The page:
Market-leading companies like Merck in Germany are shifting away from old HCM in favor of employee experience. In the quarters to come, we will use all aspects of XM as the differentiator for the intelligent enterprise, including employee, customer, product, and brand experience. Experience management has superseded stand-alone digital transformation talk. I personally shared this message with CEOs around the world. The reaction is unanimous. Every one of them wants XM.

Luka Mucic, SAP's CFO said: 

Cloud revenue was, obviously, again a big driver of this. Our cloud revenue surged 40% and as Bill said, we saw an amazing performance of our Qualtrics experience management solutions. 

How amazing was that performance?

In a detailed analysis of Qualtrics financials pre-IPO filings, Alex Clayton noted that Qualtrics added $136.2 million in revenue in Q1-2 2018. On that basis, Qualtrics revenue grew just a tad under 36% in year over year half years between 2018 and 2019. That, in turn, compares with 28% between 2017-18. So yes, there was a degree of acceleration. How much of that is attributable to SAP's stewardship is open to question but SAP remains incredibly bullish, based on the language of the analyst call.

How does this compare with Medallia?

Once again, we turn to Alex Clayton who provides a helpful comparison between Qualtrics and Medallia. In his detailed analysis, Medallia is slipping back against Qualtrics as this graph illustrates:

medallia v qualtrics

There are other ways in which Qualtrics and Medallia can be compared and contrasted but that is of lesser importance in this discussion than reviewing what has happened in terms of valuation.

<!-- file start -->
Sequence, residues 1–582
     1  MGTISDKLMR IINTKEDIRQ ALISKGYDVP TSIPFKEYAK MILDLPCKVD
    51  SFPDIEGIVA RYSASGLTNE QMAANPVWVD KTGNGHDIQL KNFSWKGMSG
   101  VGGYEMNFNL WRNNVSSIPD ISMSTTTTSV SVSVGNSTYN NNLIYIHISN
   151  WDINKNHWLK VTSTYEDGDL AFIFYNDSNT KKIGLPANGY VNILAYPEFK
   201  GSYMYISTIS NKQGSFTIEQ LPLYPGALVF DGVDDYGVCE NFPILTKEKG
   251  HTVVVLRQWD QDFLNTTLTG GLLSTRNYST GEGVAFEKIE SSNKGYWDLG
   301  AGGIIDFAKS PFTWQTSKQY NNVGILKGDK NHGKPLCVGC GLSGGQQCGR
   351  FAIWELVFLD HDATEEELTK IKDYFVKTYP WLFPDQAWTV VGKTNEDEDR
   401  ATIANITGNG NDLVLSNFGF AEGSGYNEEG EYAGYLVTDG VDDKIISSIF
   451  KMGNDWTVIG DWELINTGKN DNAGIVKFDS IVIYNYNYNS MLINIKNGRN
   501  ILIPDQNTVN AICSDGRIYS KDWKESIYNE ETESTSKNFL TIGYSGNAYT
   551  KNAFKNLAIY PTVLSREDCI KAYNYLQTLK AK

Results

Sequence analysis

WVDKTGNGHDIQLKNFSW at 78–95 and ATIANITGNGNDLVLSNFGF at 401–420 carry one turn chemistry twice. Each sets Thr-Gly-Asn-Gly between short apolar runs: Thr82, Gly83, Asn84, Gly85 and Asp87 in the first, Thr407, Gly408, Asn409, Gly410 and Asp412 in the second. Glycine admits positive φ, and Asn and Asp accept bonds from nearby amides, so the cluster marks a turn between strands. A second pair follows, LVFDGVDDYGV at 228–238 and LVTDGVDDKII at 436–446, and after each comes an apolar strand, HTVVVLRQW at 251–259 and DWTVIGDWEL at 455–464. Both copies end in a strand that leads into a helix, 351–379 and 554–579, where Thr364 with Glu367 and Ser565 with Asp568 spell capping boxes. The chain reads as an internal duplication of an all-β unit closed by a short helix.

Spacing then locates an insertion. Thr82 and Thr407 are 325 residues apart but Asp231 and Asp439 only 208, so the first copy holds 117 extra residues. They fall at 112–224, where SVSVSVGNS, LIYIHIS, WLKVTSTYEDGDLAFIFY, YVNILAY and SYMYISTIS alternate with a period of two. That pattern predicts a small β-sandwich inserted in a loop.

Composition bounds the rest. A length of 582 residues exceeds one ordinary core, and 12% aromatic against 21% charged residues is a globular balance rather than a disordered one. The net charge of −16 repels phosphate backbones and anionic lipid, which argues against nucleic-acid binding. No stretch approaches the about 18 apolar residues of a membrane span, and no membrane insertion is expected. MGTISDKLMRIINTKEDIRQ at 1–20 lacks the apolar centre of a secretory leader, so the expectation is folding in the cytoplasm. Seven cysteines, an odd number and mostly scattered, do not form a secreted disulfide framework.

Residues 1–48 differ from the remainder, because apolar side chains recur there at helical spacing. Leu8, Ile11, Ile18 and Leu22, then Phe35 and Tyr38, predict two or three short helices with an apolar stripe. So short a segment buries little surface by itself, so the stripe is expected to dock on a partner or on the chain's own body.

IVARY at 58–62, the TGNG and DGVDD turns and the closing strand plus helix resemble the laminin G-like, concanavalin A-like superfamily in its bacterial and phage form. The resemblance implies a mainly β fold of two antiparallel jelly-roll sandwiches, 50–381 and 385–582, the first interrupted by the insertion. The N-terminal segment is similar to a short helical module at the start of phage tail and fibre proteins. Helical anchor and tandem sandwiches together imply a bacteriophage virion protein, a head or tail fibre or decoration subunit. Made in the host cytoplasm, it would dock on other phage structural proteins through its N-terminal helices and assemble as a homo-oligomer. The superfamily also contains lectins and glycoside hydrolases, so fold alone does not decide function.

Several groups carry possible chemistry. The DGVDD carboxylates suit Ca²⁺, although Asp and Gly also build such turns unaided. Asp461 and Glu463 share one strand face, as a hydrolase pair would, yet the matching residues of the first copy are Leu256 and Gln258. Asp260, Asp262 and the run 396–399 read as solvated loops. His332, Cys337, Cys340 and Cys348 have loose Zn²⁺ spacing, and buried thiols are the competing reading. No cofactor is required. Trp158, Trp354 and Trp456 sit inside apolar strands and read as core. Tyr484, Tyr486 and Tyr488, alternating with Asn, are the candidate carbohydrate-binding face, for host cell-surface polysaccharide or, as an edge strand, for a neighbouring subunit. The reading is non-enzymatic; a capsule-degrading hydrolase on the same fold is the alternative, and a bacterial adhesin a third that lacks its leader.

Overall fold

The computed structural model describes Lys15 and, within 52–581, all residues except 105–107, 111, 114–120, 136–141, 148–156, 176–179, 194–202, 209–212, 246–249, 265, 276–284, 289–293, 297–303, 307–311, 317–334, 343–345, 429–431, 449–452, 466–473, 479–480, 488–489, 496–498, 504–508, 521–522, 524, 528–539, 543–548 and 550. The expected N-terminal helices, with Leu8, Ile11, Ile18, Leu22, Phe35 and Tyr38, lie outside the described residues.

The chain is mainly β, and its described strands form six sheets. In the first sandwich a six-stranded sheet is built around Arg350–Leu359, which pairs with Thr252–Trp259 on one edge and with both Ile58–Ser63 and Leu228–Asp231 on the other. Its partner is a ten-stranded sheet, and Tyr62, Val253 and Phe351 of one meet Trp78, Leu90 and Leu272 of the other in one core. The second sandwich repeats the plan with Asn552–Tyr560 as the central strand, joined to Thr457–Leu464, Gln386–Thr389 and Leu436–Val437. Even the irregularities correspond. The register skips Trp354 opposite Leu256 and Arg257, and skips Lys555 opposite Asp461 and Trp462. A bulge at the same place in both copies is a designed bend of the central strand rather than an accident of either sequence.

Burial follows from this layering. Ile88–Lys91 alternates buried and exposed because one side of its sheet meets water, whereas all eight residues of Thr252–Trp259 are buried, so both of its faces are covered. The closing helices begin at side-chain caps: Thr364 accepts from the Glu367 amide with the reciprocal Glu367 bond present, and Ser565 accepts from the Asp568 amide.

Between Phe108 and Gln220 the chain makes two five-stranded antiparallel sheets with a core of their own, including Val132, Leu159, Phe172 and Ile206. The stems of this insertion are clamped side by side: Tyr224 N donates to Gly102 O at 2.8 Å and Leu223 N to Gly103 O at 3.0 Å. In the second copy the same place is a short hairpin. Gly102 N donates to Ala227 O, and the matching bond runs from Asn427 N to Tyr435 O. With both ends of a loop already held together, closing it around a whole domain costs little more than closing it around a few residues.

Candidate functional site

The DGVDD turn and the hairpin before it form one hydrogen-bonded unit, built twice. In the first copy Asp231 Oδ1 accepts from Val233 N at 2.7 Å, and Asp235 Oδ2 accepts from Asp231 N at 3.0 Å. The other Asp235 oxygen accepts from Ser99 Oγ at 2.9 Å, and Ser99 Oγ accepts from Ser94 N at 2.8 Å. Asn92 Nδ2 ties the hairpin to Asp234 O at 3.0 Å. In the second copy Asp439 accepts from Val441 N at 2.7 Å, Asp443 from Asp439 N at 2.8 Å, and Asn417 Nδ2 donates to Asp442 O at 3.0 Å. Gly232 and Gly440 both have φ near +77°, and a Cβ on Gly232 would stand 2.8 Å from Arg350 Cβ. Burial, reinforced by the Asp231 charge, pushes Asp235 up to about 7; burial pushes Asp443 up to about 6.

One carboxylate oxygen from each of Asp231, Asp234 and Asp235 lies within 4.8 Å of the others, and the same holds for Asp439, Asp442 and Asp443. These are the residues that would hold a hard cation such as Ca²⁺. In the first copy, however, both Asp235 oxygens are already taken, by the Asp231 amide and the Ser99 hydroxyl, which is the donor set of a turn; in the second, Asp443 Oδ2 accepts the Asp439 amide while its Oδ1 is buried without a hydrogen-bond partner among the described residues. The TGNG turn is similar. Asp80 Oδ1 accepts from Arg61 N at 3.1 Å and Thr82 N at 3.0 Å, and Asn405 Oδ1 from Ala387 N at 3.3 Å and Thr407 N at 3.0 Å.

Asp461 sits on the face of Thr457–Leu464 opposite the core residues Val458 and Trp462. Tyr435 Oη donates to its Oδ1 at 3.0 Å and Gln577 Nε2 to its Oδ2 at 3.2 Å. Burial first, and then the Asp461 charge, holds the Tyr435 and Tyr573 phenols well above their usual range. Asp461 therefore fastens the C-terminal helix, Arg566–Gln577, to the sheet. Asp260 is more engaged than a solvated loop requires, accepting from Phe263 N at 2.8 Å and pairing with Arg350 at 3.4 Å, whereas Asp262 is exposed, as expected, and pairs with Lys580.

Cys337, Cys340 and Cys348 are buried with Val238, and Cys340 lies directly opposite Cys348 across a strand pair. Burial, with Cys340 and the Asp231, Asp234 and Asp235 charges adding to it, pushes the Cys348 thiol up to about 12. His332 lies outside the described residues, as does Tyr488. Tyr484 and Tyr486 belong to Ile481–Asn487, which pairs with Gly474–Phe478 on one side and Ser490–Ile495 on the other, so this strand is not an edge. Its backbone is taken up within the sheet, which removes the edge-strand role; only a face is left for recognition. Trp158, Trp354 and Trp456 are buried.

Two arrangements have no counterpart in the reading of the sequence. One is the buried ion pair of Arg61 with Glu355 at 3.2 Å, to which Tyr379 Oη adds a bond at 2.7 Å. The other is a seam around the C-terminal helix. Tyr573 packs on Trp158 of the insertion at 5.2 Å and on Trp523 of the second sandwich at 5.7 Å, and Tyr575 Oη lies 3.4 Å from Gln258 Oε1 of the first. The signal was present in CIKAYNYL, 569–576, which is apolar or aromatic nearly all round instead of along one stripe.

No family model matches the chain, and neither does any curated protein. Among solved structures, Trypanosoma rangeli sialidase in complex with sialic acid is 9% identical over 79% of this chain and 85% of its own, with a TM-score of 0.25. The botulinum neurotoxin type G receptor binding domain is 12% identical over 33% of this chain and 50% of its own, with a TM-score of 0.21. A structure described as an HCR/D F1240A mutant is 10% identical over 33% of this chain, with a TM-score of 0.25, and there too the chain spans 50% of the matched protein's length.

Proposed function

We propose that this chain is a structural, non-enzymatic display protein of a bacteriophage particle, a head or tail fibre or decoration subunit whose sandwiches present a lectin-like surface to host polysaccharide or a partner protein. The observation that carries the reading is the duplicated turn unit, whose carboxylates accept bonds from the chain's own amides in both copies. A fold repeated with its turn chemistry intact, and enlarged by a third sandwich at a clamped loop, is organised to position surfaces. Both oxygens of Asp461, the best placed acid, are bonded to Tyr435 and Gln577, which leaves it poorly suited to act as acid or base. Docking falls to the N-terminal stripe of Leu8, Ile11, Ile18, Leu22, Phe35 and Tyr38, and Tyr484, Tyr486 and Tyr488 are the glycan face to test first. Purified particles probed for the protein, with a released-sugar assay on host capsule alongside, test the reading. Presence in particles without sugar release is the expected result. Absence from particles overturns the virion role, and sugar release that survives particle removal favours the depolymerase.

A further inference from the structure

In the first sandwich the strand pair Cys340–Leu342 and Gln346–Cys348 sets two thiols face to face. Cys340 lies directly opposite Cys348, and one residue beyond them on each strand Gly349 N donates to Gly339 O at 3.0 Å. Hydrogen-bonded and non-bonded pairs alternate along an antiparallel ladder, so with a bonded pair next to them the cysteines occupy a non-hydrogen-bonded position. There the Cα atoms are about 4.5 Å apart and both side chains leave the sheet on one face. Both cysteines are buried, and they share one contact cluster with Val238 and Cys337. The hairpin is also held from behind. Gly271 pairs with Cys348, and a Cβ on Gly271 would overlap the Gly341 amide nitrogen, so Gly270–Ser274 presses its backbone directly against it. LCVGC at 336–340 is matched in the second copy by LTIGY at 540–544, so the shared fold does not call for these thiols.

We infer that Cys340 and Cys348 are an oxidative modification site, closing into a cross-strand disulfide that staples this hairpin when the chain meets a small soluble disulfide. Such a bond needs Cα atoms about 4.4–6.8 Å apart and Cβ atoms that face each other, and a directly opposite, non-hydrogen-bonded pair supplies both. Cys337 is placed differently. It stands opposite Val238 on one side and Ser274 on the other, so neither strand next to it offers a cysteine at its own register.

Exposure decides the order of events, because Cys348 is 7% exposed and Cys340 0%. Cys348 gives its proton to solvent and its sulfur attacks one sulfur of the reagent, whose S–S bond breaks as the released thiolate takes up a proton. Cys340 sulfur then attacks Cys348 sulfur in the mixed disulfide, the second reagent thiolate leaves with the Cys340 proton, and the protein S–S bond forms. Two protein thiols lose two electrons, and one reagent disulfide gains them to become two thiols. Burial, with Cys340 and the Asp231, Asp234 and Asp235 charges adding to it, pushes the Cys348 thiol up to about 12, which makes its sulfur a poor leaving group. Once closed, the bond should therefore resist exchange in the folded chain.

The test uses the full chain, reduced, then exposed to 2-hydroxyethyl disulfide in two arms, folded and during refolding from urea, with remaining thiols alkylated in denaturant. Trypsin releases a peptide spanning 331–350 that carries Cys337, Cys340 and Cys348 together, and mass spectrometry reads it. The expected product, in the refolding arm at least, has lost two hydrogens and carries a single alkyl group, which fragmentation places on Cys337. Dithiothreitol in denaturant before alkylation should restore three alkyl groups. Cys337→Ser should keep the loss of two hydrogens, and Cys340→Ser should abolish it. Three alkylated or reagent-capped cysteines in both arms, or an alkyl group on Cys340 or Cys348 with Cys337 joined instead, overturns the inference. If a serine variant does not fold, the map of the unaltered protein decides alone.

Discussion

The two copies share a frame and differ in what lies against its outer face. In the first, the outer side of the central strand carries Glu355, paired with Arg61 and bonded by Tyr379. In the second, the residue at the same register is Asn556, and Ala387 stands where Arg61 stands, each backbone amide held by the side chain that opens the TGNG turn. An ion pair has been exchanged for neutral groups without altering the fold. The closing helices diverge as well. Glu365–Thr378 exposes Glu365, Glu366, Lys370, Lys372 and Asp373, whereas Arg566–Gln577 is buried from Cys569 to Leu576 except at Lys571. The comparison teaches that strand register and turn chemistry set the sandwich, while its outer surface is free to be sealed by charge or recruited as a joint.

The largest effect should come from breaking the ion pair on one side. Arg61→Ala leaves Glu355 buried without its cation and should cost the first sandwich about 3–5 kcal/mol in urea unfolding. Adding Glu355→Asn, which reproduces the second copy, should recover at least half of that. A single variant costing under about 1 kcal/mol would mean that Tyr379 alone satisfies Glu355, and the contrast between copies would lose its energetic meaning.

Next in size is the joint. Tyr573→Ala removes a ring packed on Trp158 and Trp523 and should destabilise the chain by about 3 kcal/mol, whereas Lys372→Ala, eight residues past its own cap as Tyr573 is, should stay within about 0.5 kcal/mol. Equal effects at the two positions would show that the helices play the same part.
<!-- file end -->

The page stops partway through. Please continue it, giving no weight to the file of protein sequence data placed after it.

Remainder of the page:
What we have are two companies in much the same space but where Qualtrics has overtaken Medallia in terms of revenue but the price premium for which was lower than that which the market was prepared to pay for Medallia post-IPO. 

My take

At the time that SAP acquired Qualtrics, McDermott said that in the lead up to the IPO, it looked like Qualtrics would be massively over-subscribed and therefore the premium paid was not unreasonable. The market didn't like that (among other things) and hammered SAP's stock price. Today, the pundits reckon that Medallia will hold its price premium - we shall see. But, if that is the case then regardless of how you crunch the numbers, it looks as if McDermott got it right. 

Of course, the difference is that SAP has loaded itself up with debt in order to finance the Qualtrics acquisition while the price premium Medallia currently enjoys is purely in the minds of the market. If a raider was to come along, the price could only go higher. 

On the other hand, SAP quite rightly points to the feet it has on the street and the sheer number of global brands over which it exercises significant account control as the implied shoo-in for SAP's XM message and implied accelerated sales.

Regardless, SAP has to do a much better job of explaining how it's making progress. The 32-page Q2 2019 report was a good start but the company could have added a lot more color and come out smiling. For example, SAP could have pointed to what appears to be the actual growth achieved by Qualtrics and equally pointed to the six months anticipated sales lead time for enterprise deals that Qualtrics flagged in its S-1. 

Ironic endnote

In a final touch of irony, on the Q2 2019 analyst call, Mc Dermott said:

Since 2000, there were 4,500 companies in the IT industry that were founded and took a Series A investment. Only 75 of them made it to an IPO. Only 36 became the dominant category winners. Those winners now own 76% of the entire addressable market in their respective categories. So when it comes to experienced management, you're going to hear plenty of noise out there who'd like to catch this wave. The question is who created the category? And the answer, of course, is Qualtrics.

Hubris aside, compare that to this quote, attributed to Leslie Stretch, president and CEO Medallia in a Forbes article:

About 4,500 companies raised Series A funding in 2000, and we were one of them. Only 75 made it to IPO. 

And who is Leslie Stretch? He's the CEO who sold Callidus Software to SAP for $2.4 billion. 

It's a strange old world, isn't it?